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Treating the untreatable.

Two drugs have recently challenged the notion that crippling spinal-cord injuries are untreatable. Tests conducted last year showed that high doses of the steroid methylprednisolone, administered within eight hours of spinal injury, could minimize paralysis in many patients (SN: 4/7/90, p.212). Researchers now report even more promising results from a small study of an experimental drug called GM-1 ganglioside.

At the University of Maryland Shock Trauma Center in Baltimore, neurosurgeon Fred H. Geisler and his colleagues studied 34 people with paralyzing spinal-cord injuries. Within three days of their injury, 16 of the patients began daily injections of GM-1 ganglioside for 18 to 32 days; the remainder received placebo injections. In nearly half of the treated patients, the drug apparently restored some motor skills to initially paralyzed muscles, the researchers report in the June 27 NEW ENGLAND JOURNAL OF MEDICINE. Moreover, immediate treatment was not crucial. Improvements showed up even in patients whose injections began three days after injury.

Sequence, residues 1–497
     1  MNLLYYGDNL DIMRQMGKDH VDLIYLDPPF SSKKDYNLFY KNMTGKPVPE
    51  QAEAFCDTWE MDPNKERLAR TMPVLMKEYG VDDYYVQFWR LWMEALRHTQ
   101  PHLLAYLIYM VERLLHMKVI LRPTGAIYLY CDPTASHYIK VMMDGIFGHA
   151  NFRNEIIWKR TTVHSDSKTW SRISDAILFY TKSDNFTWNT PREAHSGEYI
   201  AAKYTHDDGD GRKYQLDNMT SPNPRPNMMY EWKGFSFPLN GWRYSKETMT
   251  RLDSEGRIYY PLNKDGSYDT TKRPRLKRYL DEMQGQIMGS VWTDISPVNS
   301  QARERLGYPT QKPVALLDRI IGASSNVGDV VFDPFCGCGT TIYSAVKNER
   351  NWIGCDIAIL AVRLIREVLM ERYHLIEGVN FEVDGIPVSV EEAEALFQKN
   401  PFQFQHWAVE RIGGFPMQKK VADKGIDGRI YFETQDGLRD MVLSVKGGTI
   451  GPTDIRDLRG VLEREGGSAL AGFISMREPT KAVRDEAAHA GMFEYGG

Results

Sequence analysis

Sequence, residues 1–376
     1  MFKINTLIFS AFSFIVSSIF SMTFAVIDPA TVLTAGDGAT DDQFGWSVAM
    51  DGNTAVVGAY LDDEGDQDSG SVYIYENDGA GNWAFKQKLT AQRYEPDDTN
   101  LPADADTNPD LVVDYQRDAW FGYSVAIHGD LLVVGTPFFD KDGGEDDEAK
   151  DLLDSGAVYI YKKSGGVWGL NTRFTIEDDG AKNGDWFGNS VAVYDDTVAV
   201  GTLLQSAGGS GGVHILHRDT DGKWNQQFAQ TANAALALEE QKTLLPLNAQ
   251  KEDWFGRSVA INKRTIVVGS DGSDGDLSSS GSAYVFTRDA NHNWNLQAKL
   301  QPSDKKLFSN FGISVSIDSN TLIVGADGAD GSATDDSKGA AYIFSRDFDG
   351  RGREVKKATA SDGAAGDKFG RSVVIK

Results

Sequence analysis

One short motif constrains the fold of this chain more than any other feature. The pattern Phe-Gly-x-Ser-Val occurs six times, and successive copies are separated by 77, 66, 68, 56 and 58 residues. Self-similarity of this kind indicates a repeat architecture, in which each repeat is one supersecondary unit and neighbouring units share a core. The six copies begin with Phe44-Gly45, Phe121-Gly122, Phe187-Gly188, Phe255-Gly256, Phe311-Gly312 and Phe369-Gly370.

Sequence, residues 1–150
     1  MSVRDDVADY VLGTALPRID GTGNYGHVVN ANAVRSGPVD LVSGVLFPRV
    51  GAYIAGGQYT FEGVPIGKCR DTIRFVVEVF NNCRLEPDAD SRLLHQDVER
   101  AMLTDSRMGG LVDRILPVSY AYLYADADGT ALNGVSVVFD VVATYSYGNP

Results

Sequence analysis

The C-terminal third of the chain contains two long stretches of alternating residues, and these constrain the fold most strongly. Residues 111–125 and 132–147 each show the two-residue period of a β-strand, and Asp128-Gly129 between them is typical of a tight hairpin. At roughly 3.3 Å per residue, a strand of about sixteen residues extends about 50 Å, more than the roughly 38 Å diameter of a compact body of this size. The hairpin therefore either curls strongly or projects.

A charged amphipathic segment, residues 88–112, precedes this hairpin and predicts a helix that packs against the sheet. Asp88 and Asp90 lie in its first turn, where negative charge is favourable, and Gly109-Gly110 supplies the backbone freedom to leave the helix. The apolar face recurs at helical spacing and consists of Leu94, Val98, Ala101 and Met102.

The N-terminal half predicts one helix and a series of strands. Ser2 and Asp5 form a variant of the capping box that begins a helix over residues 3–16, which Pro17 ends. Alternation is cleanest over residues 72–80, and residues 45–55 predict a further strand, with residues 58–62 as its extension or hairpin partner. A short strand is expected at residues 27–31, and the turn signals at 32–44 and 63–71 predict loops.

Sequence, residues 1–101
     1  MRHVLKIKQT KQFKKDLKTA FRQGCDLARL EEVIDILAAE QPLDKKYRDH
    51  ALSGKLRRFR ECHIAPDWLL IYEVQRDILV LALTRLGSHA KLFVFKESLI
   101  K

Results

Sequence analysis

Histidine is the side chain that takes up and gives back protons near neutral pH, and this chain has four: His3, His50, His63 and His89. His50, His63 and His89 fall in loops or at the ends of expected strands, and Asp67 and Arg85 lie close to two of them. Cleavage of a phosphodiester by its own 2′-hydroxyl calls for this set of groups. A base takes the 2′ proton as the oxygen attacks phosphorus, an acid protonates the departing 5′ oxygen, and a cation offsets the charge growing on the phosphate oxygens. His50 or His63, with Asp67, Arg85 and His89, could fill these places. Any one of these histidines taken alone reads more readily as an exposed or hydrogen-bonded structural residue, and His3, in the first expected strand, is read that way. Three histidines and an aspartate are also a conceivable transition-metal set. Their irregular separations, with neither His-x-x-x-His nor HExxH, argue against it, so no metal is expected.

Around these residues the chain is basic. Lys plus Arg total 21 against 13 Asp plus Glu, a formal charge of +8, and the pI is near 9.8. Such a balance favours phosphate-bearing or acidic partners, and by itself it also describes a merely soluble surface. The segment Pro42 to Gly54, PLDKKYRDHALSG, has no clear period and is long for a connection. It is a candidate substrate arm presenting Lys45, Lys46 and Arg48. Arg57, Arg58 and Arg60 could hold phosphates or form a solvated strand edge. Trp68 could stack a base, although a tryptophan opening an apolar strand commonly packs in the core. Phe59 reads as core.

Geisler's team theorizes that GM-1 ganglioside -- naturally present in cell membranes of the brain and spinal cord -- helps protect against additional nerve-cell death after a spinal-cord injury, while also stimulating nerve-fiber growth and repair. The researchers caution that the drug does not fully heal the spinal cord, but they note a dramatic improvement in quality of life for some treated patients. Six who had been confined to wheelchairs can now walk with leg braces, they report, compared to one such case in the placebo group.
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Title Annotation:testing the drugs methylprednisolone and GM-1 ganglioside as treatments for spinal-cord injuries
Publication:Science News
Date:Jul 20, 1991
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